The Seattle high-school teacher at the center of a controversy over how he was teaching about race at The Center School defended his approach Friday, saying students could handle the frank and necessary discussions.
Seattle Public Schools Superintendent José Banda announced Friday that the district will resume the popular unit, part of a humanities course for seniors. The unit was suspended in January after a single student complained in December that the way it was taught was upsetting.
The teacher, Jon Greenberg, said he was using a modified version of the so-called “Courageous Conversations” format, which included inviting visitors into the classroom to talk candidly about what it’s like to be a minority in America.
On Mondays, he would invite students to talk about what they had experienced over the weekend that made them think about race. If they chose, the students could also offer their own personal stories about race.
- Richard Sherman asks for Tyler Lockett-Mario Kart mashup, the internet answers
- Seahawks trade Kevin Norwood, make other moves to get roster to 75
- The latest on Seahawks safety Kam Chancellor's holdout
- Seattle restaurant manager killed hiking in Alaska
- The Californians keep coming, but King County gives back
Most Read Stories
But after one student complained that the way the class was taught created an intimidating environment, the district suspended the unit pending an investigation.
On Friday, Banda praised the value of the unit and reinstated it, but with several conditions, including eliminating the Courageous Conversations approach, saying it is appropriate for adults but not for students.
The district has used the Courageous Conversations method in training teachers and staff about cultural competency.
In reinstating the unit, Banda also said parents need to be told ahead of time if a classroom activity could cause “a high degree of emotion for students or potential distress.”
Greenberg said Friday that he agrees with much of Banda’s decision, including providing alternative instruction for any student who wants it and involving parents.
But he disagrees with shutting a unit down on the basis of one student’s complaint — before the situation was even investigated.
The Center School is a small, public high school with 300 students on the Seattle Center campus. A so-called option school, students can apply to attend it rather than their neighborhood schools.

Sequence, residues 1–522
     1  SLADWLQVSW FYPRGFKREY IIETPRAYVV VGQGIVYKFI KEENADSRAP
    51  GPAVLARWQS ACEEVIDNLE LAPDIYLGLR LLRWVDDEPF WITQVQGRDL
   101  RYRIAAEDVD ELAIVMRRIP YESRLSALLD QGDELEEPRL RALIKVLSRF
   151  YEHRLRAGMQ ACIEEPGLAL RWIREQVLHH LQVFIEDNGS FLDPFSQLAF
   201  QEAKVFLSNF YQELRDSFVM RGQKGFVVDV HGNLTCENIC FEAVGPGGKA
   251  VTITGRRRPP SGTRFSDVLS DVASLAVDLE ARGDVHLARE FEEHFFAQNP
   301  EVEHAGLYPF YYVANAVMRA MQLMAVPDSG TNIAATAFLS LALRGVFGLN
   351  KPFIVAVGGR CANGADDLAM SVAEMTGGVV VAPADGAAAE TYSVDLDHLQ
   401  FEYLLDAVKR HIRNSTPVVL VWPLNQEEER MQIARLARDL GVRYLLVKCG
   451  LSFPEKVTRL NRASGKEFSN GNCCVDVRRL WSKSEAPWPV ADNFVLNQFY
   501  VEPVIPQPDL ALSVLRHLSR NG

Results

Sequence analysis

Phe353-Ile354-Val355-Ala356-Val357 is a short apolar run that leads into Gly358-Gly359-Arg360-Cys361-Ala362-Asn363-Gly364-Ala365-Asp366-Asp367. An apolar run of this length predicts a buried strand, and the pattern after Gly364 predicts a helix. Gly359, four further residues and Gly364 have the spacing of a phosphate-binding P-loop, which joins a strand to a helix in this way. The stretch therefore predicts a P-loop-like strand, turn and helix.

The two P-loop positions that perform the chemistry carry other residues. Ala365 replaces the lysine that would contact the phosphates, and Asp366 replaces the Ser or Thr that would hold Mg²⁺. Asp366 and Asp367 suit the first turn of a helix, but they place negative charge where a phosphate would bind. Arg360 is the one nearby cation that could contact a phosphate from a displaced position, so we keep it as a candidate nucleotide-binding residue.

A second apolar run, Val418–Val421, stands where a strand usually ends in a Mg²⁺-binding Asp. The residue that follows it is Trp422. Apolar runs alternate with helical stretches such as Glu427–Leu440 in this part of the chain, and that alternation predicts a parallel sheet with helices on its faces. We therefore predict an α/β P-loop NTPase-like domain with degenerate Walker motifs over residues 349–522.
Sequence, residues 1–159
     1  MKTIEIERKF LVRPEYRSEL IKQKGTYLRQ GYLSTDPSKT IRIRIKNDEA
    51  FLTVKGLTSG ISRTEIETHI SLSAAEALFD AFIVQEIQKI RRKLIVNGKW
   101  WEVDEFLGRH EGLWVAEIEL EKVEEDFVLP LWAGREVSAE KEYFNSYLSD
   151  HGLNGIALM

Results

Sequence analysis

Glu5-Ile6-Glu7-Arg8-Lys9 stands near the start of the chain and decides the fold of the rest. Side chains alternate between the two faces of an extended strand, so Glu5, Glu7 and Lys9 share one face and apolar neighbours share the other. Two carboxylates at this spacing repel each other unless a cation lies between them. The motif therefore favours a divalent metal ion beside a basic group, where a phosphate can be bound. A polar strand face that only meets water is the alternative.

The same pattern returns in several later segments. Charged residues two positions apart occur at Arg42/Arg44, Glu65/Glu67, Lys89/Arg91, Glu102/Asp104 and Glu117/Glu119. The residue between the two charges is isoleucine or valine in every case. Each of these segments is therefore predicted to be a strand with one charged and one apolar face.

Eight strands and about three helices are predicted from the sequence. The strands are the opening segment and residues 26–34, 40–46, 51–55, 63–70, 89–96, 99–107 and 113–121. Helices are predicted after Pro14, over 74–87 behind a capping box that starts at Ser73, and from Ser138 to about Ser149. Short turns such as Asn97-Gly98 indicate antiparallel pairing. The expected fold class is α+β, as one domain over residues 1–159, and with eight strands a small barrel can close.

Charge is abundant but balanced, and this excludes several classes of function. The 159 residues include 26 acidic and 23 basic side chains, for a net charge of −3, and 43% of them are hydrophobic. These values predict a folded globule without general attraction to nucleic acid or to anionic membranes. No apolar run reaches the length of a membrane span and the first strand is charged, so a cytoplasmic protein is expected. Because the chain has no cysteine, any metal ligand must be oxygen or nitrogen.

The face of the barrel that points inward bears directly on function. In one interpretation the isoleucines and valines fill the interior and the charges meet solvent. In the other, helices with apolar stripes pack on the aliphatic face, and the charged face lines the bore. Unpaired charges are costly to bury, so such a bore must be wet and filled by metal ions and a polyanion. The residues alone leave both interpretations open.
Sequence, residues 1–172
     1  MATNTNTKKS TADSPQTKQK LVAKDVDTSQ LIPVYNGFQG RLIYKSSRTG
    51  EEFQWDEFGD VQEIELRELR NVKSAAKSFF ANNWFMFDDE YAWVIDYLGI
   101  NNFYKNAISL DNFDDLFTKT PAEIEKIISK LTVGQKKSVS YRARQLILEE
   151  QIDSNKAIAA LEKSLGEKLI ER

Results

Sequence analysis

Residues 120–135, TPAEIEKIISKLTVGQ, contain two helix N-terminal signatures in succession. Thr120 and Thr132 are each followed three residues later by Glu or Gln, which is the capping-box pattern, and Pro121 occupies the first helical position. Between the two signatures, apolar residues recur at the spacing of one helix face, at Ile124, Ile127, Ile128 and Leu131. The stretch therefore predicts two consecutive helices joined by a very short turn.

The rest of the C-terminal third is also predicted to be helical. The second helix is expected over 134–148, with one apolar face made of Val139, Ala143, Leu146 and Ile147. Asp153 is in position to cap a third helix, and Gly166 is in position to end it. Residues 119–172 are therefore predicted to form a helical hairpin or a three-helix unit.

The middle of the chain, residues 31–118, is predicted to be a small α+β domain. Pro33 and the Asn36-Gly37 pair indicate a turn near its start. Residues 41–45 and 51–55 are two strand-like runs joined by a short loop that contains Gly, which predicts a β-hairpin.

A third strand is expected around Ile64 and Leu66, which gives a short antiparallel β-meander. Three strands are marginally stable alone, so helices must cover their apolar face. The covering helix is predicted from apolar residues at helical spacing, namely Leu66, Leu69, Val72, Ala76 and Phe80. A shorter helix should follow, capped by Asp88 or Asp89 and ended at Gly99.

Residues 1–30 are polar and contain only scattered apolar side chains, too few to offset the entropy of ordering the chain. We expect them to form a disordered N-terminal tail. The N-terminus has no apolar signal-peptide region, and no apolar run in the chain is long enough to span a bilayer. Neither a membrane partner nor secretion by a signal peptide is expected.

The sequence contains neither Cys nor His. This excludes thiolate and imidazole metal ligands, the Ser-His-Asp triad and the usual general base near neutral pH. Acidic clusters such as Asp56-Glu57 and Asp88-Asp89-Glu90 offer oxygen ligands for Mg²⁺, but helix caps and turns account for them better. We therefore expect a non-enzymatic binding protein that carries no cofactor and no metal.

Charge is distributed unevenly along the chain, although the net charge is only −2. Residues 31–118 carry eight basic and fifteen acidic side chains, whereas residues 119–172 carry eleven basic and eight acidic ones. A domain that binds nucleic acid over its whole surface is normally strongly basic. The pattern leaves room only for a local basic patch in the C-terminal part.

Greenberg said he is convinced his students can handle frank conversations about race. “Most of them are 18; they can go to war, but they can’t handle this?” Greenberg said. “They handle it better than the district personnel.
“One family’s complaint should not have led to all this. None of us should feel comfortable with what happened. This isn’t over.”
Shauna Heath, executive director of curriculum and instruction for the district, defended the district’s decision. “We believe in these kinds of conversations,” Heath said. “It is just the manner in which they are taught that needs to be inclusive of all children and not intimidating.”
Some students have already taken up the cause, using social media to turn out supporters at a School Board meeting Wednesday and launching an online petition defending the unit.
“To me, it was life changing,” student Emma Sadinsky, 18, said on Friday. “The section that was taken away, I personally feel was incredibly important. Some people don’t think racism exists in Seattle; it is really hard to see things you yourself do that you don’t realize is racism.
“Some of these conversations were impassioned because people were saying things they had held in for a long time, but it was never hostile,” she said.
A student of mixed race said she was able for the first time to talk about jokes that made her uncomfortable. A black student said he was able to talk about going into stores and feeling like he was being looked at differently than the other customers.
“To be honest, I was proud to be able to tell my classmates what I have to deal with, to put it out there,” said Yasab Psister, 18.
Gerardine Carroll, who teaches ninth- and 10th-grade humanities at the school, said the value of the conversations was in taking instruction about race out of theory and into the real world.
“Those conversations are difficult, they are hard; these issues are uncomfortable and a nice little city like Seattle doesn’t like that,” Carroll said. “It’s the whole idea of institutional racism, and it needs to be addressed, but now there is a chilling effect.”
Lynda V. Mapes: 206-464-2736 or email@example.com